Denglish: If you are an expat in a German-speaking country, you’re probably pretty fluent at it. It’s the combination of the two languages of Deutsch and English, and your fluency doesn’t really depend on how good your German or English is. Or even how committed you are to improving your German. Or how disciplined you are speaking one language with your kids, if you have kids. The fact of the matter is is that you often might not be able to to think of the passendes Wort for whatever you are trying to say quickly enough. Then both languages start to collide into one another in your brain and maybe oddly enough a latent language that you might have once spoken or learned like your high school French unhelpfully pops into the mix, and then the easiest way to express yourself is to just use the German word you were just trying to übersetzen. Akin to what Hyde has written regarding the Death of the German Language, employing Denglish certainly doesn’t do your German any favors and leads to the deterioration of your English, encouraging a lazy linguist. Continue reading
The reports of its death are premature
Lately, the Germans have had more important things to worry about than the death of their language. But once they have dealt with the collapse of the euro and the resignation of their flaky President Köhler, they’ll get back to worrying about the demise of German, one of their favorite things to worry about.
As I wrote in my book, The German Way, it is no accident that the term “angst” comes to us from German. Worrying is a national pastime in Germany. Next to soccer (Fußball), worrying is the number one German pastime. To be sure, there are sometimes truly serious things to worry about. I think the endangered euro falls into that category, since it also has to do with European unity, the EU and all that. (By the way, Angela, you really could be more of a cheerleader for European unity.)
When it comes to their native tongue, Germans are terribly conflicted. On the one hand, they take immense pride in what a difficult language Deutsch is, almost daring foreigners to learn it. Continue reading
Ripped from the headlines in Germany, YouTube has shamed and ridiculed yet another public figure, this time former Baden-Württemberg’s Minister President and now Germany’s European Union Commissioner, Günther Oettinger.
The widely circulated video is of Oettinger painfully stumbling through a speech clearly neither drafted nor rehearsed by him. The point of the speech, recently held in Berlin at a Columbia University hosted event, and Mr Oettinger’s main message as the new EU Energy Commissioner are unfortunately lost, overshadowed instead by Mr Oettinger’s inability to pronounce many of the more “challenging” words such as “justifiable,” “interference,” and “initiative” and making other words such as “does” and “otherwise” unrecognizable. Already known for his rather distinctive way of speaking in German (read here: he has a very heavy Swabian accent), Oettinger managed to “swabianize” English. The well-known Baden-Württemberg tagline, “we can do everything except speak high German” has been refashioned by commentators to, “wir können alles außer Hochdeutsch – und Englisch!” along with the terms “schwänglisch” and “Spätzle-Englisch.” What made this all the more humiliating perhaps is that the YouTube video included footage of Mr Oettinger emphasizing how all Germans, regardless of their profession, must be able to speak and understand English.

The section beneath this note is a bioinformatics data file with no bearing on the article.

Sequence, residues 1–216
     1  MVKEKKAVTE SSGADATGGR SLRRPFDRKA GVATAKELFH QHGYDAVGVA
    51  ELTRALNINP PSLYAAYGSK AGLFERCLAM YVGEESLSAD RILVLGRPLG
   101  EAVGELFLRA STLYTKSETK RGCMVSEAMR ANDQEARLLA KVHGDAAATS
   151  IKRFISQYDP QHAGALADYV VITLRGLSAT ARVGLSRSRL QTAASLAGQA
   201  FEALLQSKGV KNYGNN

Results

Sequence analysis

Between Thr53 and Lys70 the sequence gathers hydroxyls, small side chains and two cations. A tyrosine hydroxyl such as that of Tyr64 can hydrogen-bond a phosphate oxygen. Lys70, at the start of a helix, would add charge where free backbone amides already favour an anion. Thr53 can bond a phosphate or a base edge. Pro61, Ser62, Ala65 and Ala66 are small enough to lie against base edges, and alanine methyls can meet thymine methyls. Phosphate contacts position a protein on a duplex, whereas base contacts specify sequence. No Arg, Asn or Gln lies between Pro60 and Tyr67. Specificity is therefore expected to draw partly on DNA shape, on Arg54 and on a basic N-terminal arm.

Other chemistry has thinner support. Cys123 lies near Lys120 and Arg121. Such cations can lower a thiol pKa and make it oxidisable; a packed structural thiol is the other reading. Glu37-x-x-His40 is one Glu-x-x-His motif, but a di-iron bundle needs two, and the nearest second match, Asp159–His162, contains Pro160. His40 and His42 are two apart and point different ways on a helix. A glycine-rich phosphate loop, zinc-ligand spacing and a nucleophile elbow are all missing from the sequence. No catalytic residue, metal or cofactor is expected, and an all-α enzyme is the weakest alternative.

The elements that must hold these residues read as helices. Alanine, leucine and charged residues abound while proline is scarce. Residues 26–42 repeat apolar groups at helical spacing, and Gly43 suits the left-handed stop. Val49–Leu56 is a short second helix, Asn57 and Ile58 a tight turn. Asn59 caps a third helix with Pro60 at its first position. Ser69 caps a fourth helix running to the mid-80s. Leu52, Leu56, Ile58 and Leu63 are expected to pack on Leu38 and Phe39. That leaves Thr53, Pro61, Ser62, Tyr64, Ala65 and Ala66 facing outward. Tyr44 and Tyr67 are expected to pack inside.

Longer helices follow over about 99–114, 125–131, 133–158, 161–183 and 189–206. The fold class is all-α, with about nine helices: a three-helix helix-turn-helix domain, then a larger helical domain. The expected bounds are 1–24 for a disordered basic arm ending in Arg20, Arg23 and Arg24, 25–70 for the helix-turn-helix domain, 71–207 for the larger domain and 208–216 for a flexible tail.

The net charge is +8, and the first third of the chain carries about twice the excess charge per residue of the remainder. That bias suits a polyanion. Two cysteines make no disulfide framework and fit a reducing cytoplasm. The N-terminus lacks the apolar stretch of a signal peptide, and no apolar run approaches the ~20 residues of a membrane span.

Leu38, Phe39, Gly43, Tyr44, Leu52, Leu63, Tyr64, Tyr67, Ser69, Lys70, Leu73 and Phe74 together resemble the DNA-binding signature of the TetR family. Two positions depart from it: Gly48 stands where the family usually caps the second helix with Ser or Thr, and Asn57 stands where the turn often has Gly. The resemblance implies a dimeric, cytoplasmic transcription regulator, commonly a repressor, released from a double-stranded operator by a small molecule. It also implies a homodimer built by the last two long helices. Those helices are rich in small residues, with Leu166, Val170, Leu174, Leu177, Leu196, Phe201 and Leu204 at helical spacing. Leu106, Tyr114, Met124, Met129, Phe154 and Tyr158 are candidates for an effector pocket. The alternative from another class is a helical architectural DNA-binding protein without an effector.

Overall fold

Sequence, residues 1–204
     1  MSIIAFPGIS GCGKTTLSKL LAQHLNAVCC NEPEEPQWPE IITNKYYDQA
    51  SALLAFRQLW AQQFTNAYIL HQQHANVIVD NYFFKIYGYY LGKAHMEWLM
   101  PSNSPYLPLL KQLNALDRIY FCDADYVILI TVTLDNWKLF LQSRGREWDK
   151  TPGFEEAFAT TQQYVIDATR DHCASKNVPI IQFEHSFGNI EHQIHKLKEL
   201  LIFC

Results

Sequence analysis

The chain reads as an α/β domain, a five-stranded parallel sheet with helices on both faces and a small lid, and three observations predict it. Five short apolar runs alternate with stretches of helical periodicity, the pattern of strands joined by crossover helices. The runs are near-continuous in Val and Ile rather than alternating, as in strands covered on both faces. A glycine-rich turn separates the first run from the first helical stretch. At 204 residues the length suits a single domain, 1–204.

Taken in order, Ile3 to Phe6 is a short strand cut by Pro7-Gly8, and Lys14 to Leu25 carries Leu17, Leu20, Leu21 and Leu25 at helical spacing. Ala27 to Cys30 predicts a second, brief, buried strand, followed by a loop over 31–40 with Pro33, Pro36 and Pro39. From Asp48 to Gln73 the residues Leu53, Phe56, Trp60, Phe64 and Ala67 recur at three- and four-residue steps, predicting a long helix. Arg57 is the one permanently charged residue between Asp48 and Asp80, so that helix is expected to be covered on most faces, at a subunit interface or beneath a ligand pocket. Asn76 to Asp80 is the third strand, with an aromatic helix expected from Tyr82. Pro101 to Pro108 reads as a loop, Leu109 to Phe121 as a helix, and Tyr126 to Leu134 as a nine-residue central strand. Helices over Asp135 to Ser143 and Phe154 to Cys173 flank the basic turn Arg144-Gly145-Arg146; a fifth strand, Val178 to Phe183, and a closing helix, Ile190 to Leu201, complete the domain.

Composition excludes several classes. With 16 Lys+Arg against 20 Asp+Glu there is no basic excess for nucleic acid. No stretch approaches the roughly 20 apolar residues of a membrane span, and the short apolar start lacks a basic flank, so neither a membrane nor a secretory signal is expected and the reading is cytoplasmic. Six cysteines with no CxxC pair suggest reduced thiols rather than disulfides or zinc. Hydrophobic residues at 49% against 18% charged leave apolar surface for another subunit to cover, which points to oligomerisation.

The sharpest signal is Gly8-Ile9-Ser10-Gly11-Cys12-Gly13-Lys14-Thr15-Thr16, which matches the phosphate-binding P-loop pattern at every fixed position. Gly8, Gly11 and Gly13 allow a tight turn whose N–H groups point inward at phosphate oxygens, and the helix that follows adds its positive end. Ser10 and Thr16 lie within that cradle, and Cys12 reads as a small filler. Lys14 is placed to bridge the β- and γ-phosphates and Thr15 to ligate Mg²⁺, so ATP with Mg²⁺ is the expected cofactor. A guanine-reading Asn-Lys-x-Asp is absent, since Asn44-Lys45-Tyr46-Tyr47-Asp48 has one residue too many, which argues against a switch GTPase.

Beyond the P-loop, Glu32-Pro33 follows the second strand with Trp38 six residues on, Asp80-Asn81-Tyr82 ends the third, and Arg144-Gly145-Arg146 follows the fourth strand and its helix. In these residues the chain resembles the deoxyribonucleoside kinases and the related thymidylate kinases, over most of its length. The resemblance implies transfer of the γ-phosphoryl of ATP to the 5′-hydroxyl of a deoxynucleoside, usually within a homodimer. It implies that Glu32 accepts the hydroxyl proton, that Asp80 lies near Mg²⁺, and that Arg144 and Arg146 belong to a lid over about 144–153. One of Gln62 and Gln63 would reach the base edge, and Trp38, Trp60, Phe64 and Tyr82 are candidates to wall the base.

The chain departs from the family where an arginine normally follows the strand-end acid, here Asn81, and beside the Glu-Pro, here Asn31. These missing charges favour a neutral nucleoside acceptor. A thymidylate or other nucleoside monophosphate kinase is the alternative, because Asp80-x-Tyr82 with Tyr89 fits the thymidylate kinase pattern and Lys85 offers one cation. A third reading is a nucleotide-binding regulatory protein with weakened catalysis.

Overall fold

My daughter Vera is now a few months older than two, and like many parents, my husband and I have been marvelling and taking delight over her speech development. Like so many German Way readers, we are doing our best to raise her multilingually and have gone the route of one parent one language (OPOL).
Unsurprisingly, Vera’s first words were in English, her mother’s mother tongue, followed by a smattering of German. Progressively though, her dominant language has become German. She attends a German day care (Kindertagesstätte/Kita) every morning, so along with speaking with her father, she gets a lot of input auf Deutsch. And not unusually, she mixes her languages frequently. When she discovered infinitives, she made up her own. I offered to cut her food for her, and she responded, “Cutten!” Continue reading
If you’re an American expat living in Germany, you’ve heard this debate before — in the U.S.
It’s such a simple little sentence that some people want to insert into the German constitution: “Die Sprache der Bundesrepublik ist Deutsch.” (“The language of the Federal Republic [of Germany] is German.”) Who would have thought that five German words could provoke such a debate? This quote from Berlin’s Tagesspiegel sums it up pretty well: “Die Idee der CDU, die deutsche Sprache im Grundgesetz zu verankern, hat eine heftige Diskussion ausgelöst: Läutet der Beschluss einen ‘Anti-Einwanderer-Wahlkampf’ ein oder die Rettung der deutschen Leitkultur?” (“The CDU’s idea to anchor the German language in the German constitution has set off a vigorous discussion: Does the resolution herald an ‘anti-immigrant campaign’ or the rescue of the German core culture?”)
When the German language gets mixed into German politics, the results are rarely good. Continue reading